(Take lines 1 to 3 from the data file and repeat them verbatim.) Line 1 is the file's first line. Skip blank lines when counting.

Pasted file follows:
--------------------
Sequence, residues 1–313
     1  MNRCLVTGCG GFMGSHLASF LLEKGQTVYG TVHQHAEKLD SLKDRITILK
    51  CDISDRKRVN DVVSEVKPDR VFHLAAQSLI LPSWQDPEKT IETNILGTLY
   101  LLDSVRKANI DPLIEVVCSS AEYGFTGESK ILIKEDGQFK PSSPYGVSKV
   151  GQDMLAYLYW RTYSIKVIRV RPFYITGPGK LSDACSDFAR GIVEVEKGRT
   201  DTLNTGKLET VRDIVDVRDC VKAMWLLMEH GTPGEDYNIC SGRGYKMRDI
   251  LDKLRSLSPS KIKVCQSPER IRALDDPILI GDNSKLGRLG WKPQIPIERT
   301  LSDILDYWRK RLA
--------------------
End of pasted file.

Sequence, residues 1–313
     1  MNRCLVTGCG GFMGSHLASF LLEKGQTVYG TVHQHAEKLD SLKDRITILK
    51  CDISDRKRVN DVVSEVKPDR VFHLAAQSLI LPSWQDPEKT IETNILGTLY